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Making Rough Play Safe
Mon September 23, 2013
Rough Play, Joyful Chaos
This is another in a series of articles for families from Michigan State University Extension.
Would you like to engage your child in a type of play that supports a broad range of physical development skills, language skills and social skills? Try giving her a chance for rough play.
Sometimes called rough-and-tumble play or horseplay, rough play used to be looked down on as the “bad boy” of play for young children. But, researchers are finding that this type of very physical interaction between children can be very beneficial as well as enjoyable.
What frightens adults, parents and teachers alike, is that rough play will turn violent and someone will get hurt but, in fact, researchers report that less than one percent of rough play episodes turn into fighting.
Early childhood education specialists agree that there is a distinct difference between rough play and fighting and the signs are pretty obvious. When children are fighting, they’re serious. Their faces are rigid and their hands are clutched into fists. One child may be trying to force another child, through violence or threats of violence, to do his/her bidding. There is no turn-taking in fighting and, like the joke goes, there are no rules.
Researcher Frances M. Carlson characterizes rough play as “a predictable pattern of unique characteristics: running, chasing, fleeing, wrestling, open-palm tagging, swinging around, and falling to the ground—often on top of each other.”
Janet remembers a great game that she and her siblings played that involved racing from one end of the living room to the other and screaming with laughter while getting swatted with throw pillows.
Kittie has led a more genteel life but she witnesses safe but rough play when she sees knots of boys and girls tumbling around in the grass and giggling. What all of these activities share in common is the joyful aspect of play - smiling faces, laughter and exclamations of agreement.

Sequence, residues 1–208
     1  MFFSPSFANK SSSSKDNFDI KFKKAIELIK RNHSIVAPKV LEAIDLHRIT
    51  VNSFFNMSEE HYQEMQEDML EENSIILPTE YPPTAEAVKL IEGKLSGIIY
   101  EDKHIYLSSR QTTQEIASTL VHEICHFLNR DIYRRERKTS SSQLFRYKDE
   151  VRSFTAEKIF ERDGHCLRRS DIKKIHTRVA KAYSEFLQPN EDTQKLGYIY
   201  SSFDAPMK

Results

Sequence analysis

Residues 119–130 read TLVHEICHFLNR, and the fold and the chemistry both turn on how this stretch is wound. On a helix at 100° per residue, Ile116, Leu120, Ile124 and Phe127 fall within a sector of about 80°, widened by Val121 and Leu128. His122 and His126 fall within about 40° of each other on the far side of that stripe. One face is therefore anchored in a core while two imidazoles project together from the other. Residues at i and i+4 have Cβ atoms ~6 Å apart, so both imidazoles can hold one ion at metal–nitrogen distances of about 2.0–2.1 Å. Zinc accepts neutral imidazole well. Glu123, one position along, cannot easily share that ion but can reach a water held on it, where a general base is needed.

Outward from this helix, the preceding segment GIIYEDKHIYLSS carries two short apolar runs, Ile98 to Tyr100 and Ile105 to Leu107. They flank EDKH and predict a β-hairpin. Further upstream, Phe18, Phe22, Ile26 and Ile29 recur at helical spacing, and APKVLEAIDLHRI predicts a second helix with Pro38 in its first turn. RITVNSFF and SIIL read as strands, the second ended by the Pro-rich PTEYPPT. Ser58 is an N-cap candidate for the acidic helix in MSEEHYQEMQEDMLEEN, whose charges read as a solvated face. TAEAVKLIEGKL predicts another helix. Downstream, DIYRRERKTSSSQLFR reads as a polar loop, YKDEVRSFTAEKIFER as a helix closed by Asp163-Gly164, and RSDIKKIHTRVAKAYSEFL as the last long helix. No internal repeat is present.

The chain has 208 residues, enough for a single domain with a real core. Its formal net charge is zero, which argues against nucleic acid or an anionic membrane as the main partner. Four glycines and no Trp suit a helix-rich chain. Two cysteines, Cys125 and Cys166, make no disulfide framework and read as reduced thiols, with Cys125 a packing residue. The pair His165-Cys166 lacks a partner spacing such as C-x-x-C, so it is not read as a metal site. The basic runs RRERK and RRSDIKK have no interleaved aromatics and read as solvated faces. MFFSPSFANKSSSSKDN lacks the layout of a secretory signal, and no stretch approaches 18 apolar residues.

Young children need to learn to recognize these cues to the emotional state of their playmates and rough play gives them the opportunity to do just that. And, it’s a great way for a child to explore the use and control of their large and small muscles. They can also learn about turn-taking and negotiating in rough play – two skills that are critical to a child’s social development. Another positive thing about rough play is that it allows children to experience the excitement of taking risks but in a safe way.
We can encourage safe rough play by taking a few precautions before the play session begins.
- Set up a few simple rules like “always use open hands” and “no biting or kicking”.
- Make sure that the play space, whether outdoors or indoors, is free of hazards and there is enough room to roll, tumble and move around without running into furniture.
- It’s always a good idea to have an adult nearby to intervene if there is an accident of “over-enthusiasm.”
In recent years, adults have tried to curb a child’s inclination for rough play with organized games. We’ve created sports like football and soccer proscribed with rules for safety. We’ve organized races to give children the opportunity to run but not run rampant. We teach gymnastics to give children a chance to move their bodies and accomplish feats of dexterity and coordination.
But, the urge to “rumble in the jungle” is as natural for our human babies as it is for puppies and kittens. As long as adults are there to keep it safe, let the joyful chaos begin.
For more information:
This is part of a series of articles on early childhood development by Kittie Butcher MSU Extension Educator, Children Youth Families & Communities and Janet Pletcher MA, Adjunct Faculty, Child Development and Early Education Program, Lansing Community College.
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